Students at Missouri Southern State University will see a 2.37% increase in their tuition when they return to campus in the fall.
The new rate for in-state, undergraduate tuition — which includes all mandatory student fees — will be $248.73 per credit hour, a $5.77 increase per credit hour from the current rate of $242.96. The rate was approved Thursday by the university's Board of Governors and is the maximum increase allowed under state law.
Out-of-state, undergraduate tuition will increase by $11.54 per credit hour to $497.46 per credit hour. Tuition for distance learning will increase $4 per credit hour to $299.88 per credit hour.
Tuition for graduate students will remain at $350 per credit hour, and the rate for dual-credit classes will remain at $50 per credit hour.
University officials are planning to reopen the campus on May 11, although summer classes will continue to be held online. But they're hopeful that will change in August, when the fall term begins.
"We intend to open face-to-face classes in the fall and (are) making every effort to be on campus with a full array of campus activities," President Alan Marble said. "We have backup plans if needed, but we fully plan to be open in the fall."
In other business Thursday, the board's budget/audit committee reviewed a first draft of the budget for fiscal year 2021, which begins July 1. The budget as presented reflects $76 million in total revenues and $82.5 million in expenditures.
Anticipated revenues include $21.2 million in state appropriations, which is nearly $4 million less than the current fiscal year, said Rob Yust, vice president for business affairs. The Missouri House earlier this week, in its version of the state budget, slashed state aid to public colleges and universities by 10% in anticipation of plunging revenues because of the coronavirus.
"It's going to be a big hit for next year's budget," Yust said.
Administrators and board members noted it's possible that amount could change further by the time state lawmakers pass their final budget for Missouri later this month and that additional withholdings could be made by Gov. Mike Parson throughout the fiscal year.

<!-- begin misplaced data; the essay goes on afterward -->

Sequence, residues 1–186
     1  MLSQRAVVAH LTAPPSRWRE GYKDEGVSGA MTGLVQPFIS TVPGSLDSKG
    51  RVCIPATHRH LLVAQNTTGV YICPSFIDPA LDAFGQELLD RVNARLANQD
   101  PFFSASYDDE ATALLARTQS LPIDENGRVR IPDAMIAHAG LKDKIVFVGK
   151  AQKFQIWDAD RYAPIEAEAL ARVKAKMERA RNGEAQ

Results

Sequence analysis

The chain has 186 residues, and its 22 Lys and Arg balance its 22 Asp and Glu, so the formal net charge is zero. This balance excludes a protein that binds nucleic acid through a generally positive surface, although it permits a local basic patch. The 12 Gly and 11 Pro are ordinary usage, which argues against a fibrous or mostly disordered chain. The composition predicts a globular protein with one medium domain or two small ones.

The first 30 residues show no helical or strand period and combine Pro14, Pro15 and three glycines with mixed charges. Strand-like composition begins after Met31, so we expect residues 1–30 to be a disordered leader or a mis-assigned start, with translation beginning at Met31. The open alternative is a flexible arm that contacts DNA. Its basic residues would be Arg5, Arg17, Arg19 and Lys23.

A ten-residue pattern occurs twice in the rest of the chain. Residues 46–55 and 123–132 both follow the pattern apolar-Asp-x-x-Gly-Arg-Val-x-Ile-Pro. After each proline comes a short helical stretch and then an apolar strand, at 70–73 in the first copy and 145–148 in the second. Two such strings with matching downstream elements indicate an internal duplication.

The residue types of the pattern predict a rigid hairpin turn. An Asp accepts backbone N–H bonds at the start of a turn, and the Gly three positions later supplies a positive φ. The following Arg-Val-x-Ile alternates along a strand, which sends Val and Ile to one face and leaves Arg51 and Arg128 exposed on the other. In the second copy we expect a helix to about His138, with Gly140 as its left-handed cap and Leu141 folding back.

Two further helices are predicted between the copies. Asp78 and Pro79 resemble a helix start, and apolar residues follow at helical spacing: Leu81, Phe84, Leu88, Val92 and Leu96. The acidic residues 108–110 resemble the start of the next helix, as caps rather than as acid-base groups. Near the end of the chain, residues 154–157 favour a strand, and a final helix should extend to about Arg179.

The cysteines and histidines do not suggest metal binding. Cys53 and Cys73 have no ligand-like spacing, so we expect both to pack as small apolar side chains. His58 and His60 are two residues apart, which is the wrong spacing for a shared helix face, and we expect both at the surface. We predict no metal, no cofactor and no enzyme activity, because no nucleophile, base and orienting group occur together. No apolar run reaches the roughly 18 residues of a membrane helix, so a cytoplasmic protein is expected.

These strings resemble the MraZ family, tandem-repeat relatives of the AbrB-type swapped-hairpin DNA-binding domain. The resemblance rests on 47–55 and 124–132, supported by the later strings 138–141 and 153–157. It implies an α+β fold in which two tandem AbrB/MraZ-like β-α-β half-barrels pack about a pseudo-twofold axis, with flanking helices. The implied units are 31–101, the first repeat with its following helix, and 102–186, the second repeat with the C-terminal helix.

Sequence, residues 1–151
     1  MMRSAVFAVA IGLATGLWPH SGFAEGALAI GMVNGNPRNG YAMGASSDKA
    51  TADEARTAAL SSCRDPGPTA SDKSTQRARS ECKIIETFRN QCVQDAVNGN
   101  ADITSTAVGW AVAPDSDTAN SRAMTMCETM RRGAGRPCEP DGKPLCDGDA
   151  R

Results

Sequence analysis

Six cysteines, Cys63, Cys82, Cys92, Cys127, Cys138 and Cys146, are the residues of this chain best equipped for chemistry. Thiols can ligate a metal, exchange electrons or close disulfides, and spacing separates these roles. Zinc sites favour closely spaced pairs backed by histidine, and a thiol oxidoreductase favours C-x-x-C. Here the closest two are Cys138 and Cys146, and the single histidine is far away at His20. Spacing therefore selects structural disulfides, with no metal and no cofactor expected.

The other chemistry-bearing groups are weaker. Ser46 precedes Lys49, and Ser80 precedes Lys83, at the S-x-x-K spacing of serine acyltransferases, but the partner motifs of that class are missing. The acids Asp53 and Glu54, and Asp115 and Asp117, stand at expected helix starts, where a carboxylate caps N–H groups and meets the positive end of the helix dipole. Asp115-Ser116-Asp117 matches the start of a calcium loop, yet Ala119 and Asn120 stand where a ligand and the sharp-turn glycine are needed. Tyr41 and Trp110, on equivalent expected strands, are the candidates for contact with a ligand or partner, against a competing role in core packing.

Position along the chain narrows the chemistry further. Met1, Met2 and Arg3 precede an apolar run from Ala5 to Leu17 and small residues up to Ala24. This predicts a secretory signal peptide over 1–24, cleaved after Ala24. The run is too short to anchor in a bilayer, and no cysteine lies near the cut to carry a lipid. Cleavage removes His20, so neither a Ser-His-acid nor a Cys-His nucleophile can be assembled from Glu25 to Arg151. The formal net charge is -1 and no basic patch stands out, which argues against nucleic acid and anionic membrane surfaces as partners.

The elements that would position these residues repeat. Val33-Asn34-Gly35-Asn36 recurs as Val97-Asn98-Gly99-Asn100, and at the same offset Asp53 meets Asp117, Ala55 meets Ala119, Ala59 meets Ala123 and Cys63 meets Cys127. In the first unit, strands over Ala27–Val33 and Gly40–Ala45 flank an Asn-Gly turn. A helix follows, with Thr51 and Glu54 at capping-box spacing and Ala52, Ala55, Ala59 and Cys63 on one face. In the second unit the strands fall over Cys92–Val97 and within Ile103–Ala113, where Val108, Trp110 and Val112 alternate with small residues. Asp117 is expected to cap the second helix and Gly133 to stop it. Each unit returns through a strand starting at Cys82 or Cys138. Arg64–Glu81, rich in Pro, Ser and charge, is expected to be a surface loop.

"We know that's going to be a moving target this year," said Carlos Haley, chairman of the board's budget/audit committee. "We're going to continue to try and manage that process and its impact on the university moving forward."
When asked what could be done to reduce the projected $6.5 million gap between revenues and expenditures next year, Yust noted that other universities, including the University of Missouri, are discussing layoffs, furloughs and other types of reorganizations as a possibility.
"That's probably going to get you the biggest bang for your buck, but (it's) not the most popular bang," he said.
The budget banks on the tuition increase and strong enrollment next year to help boost revenue. But Jeff Gibson, the budget director, said the number of credit hours in which students have already enrolled for the upcoming fall semester so far lags behind fall credit hours in which students had enrolled at this time last year.
"We've got a little ground to cover, and there's nothing normal about what's going on," he said, referring to the effects of the coronavirus, "so that makes me a little anxious."
Marble said the university historically has seen strong enrollment during times of high unemployment, as people opt to go back to school to strengthen their ability to find a job. But despite data that shows more than 30 million Americans are now out of a job because of the coronavirus, administrators don't yet know if that will translate into higher enrollment this fall, he said.
"These are uncharted waters," he said. "You just can't tell."
The draft budget excludes any federal and state stimulus dollars that MSSU might receive. The university already has been approved for $4.8 million in federal stimulus funds. Half is designated for MSSU, and the other half will be distributed among students. Staff are working on methods for those distributions.
The budget for fiscal year 2021 will be reviewed again by the board for approval at its June meeting.